The Alaskan wilderness is gorgeous, but it can be dangerous. Don Carroll, 19, got lost twice this summer, but was rescued safely.
Courtesy of Don Carroll
Courtesy of Don Carroll
The Bolingbrook teen ventured into the harsh and unforgiving Alaskan wilderness to see the "magic bus" made famous in the book/film "Into the Wild."
Don Carroll, 19, and his friend found the bus - and then got lost themselves for three days without food and water.
Unlike Christopher McCandless, the young adventurer who died near the bus, the teen's ordeal ended with a helicopter rescue Monday.
Now, it's the Alaskan rangers who are unforgiving.
"If police see me (hiking) in the woods, they're going to arrest me," a rueful Carroll said during a cell phone interview Tuesday.
It was the second time this summer that Carroll had to be rescued. He got lost in June after climbing Mount Healy in Denali National Park.
"The chief ranger said he's not going to come looking for me anymore," Carroll said.
Carroll, a culinary student at Joliet Junior College, is working as a line cook this summer at Princess Resorts, located about a mile from the national park.
Carroll and his friend, 21-year-old Jia Long He from China, set off Friday to find the bus. "It was just something I really wanted to see," Carroll said, adding that "it was really cool."
The pair had multiple layers of clothing, sleeping bags, a tent and a lighter - but no food or water. They had stashed their 30-pound food pack in some bushes when they had to cross a river, intending to come back to it after seeing the bus. Instead, they got lost.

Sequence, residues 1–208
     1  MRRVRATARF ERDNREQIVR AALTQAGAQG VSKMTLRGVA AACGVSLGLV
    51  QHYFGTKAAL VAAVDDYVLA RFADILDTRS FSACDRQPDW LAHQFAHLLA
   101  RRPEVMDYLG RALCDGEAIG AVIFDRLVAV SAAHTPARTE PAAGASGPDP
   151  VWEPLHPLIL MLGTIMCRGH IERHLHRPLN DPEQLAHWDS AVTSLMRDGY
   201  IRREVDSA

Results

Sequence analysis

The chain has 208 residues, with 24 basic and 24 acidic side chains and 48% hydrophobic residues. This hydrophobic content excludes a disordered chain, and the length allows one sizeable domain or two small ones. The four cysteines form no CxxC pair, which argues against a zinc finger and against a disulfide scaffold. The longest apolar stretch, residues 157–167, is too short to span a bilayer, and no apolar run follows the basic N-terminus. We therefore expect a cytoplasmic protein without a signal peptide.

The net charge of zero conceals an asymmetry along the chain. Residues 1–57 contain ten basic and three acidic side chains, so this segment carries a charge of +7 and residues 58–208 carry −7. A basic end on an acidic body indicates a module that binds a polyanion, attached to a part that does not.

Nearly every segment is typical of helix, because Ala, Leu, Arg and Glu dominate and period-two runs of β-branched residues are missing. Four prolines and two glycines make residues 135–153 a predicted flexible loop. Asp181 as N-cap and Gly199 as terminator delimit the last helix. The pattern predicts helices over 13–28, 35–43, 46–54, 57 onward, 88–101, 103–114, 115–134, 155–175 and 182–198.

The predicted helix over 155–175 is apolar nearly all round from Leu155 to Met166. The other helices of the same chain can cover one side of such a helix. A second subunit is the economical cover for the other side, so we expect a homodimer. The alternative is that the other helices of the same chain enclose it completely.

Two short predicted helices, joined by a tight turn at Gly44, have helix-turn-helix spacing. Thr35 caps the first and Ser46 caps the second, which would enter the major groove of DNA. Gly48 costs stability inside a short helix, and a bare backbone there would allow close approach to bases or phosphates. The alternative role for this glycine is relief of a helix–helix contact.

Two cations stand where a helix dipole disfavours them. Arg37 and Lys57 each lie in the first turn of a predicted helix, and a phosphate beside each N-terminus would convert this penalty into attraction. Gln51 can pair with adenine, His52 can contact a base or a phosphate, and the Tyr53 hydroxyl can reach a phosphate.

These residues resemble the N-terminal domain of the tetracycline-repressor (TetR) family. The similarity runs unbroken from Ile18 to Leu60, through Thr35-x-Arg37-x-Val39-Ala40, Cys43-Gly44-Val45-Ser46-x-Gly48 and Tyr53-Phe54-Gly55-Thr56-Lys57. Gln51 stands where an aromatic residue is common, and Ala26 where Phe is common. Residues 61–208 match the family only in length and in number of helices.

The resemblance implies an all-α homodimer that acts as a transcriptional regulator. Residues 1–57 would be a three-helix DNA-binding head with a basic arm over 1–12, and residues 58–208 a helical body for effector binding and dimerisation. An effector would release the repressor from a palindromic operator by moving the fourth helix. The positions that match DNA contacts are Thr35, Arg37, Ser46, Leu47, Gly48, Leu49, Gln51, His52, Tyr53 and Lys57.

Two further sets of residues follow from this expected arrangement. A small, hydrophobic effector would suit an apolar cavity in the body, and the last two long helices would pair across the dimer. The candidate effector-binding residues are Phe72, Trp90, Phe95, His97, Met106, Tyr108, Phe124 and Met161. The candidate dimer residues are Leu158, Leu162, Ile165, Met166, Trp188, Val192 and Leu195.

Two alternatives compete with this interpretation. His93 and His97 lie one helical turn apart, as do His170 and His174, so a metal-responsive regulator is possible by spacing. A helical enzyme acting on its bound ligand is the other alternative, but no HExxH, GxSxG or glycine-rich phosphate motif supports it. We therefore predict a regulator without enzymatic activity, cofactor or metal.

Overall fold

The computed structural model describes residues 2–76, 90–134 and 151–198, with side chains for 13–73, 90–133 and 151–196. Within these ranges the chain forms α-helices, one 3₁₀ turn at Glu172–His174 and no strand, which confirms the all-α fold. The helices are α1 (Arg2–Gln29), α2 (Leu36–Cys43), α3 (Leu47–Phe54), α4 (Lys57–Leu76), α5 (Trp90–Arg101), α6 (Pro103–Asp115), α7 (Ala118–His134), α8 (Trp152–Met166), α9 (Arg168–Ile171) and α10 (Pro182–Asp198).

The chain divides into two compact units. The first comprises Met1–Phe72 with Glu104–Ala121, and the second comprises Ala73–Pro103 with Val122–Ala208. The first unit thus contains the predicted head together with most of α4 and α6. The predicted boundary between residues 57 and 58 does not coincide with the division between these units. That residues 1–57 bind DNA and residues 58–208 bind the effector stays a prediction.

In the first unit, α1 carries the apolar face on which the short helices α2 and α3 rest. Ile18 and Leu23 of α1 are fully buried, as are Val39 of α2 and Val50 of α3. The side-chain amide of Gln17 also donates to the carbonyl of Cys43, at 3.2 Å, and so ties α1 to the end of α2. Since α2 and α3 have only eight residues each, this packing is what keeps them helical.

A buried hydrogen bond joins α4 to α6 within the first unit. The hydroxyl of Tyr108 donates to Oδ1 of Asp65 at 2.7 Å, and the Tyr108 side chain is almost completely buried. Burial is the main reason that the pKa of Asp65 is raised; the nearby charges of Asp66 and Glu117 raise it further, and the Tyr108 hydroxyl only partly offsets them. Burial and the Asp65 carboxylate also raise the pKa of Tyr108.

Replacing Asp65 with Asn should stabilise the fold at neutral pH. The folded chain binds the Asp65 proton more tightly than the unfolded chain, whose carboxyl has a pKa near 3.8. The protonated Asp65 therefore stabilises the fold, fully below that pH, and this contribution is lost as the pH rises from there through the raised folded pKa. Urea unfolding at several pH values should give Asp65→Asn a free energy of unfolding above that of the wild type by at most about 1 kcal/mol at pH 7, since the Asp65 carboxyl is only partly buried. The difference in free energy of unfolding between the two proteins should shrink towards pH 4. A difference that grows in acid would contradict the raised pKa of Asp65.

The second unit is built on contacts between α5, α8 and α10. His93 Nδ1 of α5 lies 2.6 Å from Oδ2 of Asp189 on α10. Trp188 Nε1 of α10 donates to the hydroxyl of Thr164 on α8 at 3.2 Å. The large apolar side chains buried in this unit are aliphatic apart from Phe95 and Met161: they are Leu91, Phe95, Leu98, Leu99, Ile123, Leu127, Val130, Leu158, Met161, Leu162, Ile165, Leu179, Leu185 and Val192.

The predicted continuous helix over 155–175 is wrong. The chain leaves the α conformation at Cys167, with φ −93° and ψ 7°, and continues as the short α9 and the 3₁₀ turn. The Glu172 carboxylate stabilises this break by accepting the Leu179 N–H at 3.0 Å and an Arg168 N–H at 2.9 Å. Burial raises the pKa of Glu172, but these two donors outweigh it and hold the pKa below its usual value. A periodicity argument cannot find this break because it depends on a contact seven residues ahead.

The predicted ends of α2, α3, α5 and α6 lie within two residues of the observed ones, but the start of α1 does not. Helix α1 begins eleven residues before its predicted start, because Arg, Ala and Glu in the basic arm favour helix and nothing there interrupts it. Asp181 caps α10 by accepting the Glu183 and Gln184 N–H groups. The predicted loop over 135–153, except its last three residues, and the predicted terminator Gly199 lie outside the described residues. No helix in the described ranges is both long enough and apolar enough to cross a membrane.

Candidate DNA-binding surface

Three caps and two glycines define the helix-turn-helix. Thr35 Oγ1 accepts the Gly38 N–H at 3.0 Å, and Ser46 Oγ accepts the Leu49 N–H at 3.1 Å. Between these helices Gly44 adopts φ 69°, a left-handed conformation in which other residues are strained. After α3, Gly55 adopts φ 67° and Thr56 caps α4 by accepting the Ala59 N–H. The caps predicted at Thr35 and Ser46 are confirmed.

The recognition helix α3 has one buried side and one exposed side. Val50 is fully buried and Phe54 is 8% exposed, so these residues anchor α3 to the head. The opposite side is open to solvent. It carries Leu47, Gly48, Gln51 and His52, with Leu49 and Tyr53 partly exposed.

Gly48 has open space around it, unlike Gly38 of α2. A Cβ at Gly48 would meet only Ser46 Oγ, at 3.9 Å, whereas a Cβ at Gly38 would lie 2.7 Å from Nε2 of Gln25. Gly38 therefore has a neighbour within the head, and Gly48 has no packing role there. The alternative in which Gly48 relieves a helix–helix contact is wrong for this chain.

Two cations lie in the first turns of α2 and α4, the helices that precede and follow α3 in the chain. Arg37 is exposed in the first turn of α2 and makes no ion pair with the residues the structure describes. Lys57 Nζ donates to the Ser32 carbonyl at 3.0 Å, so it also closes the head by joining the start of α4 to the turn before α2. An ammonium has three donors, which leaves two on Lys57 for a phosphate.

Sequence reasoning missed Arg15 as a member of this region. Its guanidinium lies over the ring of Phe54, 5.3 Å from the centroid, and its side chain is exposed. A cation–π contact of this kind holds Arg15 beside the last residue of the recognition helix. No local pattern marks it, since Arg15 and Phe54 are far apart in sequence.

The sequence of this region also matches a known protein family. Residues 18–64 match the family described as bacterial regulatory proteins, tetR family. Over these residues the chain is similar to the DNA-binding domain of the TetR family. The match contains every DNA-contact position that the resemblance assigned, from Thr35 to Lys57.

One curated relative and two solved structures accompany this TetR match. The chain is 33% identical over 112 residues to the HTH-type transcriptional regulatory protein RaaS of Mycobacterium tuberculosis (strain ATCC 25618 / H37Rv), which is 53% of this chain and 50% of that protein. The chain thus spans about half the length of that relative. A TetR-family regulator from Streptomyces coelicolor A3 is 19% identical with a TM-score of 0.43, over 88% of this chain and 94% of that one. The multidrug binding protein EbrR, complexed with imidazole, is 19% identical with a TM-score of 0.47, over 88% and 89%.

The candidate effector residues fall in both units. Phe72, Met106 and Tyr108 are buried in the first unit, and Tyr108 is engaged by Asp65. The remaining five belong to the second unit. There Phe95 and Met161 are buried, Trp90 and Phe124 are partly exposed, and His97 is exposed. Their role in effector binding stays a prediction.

Temperatures were in the 50s and 60s during the day, but near freezing at night, Carroll said.
They saw bear tracks, but no bears. They ate berries and drank river water. After the rescue, they were treated at a local clinic for mild dehydration.
Carroll said he and his friend were worried, but not that they would meet the same fate as McCandless.
"I was more worried about getting back home," he said.
In June, Carroll, hiking alone in a hoodie and jeans, became lost after climbing Mount Healy in Denali National Park. He suffered mild hypothermia after his clothes were soaked and he became disoriented, but was able to communicate with rangers by text messaging. Based on clues he texted them, rangers narrowed Carroll's location to just outside the park's boundary. They sent in a high-altitude rescue helicopter to retrieve him.
He also did a lot of hiking in the park this summer that ended uneventfully. He climbed Sugarloaf Mountain twice as well as the "Castle," a group of four rock spires along the Mount Healy ridgeline. He saw moose and marmots and a herd of Dall sheep and took dozens of photos of Alaska's stunning scenery.
He will return home to Bolingbrook in mid-September to go back to school.
Until then, his employer has suggested he conclude his Alaskan adventure with some community service.